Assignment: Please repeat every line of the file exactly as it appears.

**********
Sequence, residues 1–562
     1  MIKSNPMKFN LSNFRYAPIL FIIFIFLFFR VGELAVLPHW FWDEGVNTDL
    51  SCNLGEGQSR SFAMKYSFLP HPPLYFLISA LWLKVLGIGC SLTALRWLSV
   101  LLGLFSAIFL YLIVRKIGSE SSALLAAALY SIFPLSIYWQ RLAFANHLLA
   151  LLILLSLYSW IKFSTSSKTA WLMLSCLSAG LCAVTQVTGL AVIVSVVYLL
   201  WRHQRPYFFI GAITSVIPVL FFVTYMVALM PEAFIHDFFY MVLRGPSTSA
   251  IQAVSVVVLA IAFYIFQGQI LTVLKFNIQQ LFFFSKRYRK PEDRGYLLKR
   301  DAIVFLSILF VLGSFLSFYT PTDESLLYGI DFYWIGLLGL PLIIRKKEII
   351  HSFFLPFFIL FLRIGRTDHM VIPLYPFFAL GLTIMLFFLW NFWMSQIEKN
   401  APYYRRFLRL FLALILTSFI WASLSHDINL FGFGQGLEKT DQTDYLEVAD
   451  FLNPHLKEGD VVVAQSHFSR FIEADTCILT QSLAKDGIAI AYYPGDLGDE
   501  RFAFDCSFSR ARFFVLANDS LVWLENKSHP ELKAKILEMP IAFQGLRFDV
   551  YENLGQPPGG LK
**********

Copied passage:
Sequence, residues 1–562
     1  MIKSNPMKFN LSNFRYAPIL FIIFIFLFFR VGELAVLPHW FWDEGVNTDL
    51  SCNLGEGQSR SFAMKYSFLP HPPLYFLISA LWLKVLGIGC SLTALRWLSV
   101  LLGLFSAIFL YLIVRKIGSE SSALLAAALY SIFPLSIYWQ RLAFANHLLA
   151  LLILLSLYSW IKFSTSSKTA WLMLSCLSAG LCAVTQVTGL AVIVSVVYLL
   201  WRHQRPYFFI GAITSVIPVL FFVTYMVALM PEAFIHDFFY MVLRGPSTSA
   251  IQAVSVVVLA IAFYIFQGQI LTVLKFNIQQ LFFFSKRYRK PEDRGYLLKR
   301  DAIVFLSILF VLGSFLSFYT PTDESLLYGI DFYWIGLLGL PLIIRKKEII
   351  HSFFLPFFIL FLRIGRTDHM VIPLYPFFAL GLTIMLFFLW NFWMSQIEKN
   401  APYYRRFLRL FLALILTSFI WASLSHDINL FGFGQGLEKT DQTDYLEVAD
   451  FLNPHLKEGD VVVAQSHFSR FIEADTCILT QSLAKDGIAI AYYPGDLGDE
   501  RFAFDCSFSR ARFFVLANDS LVWLENKSHP ELKAKILEMP IAFQGLRFDV
   551  YENLGQPPGG LK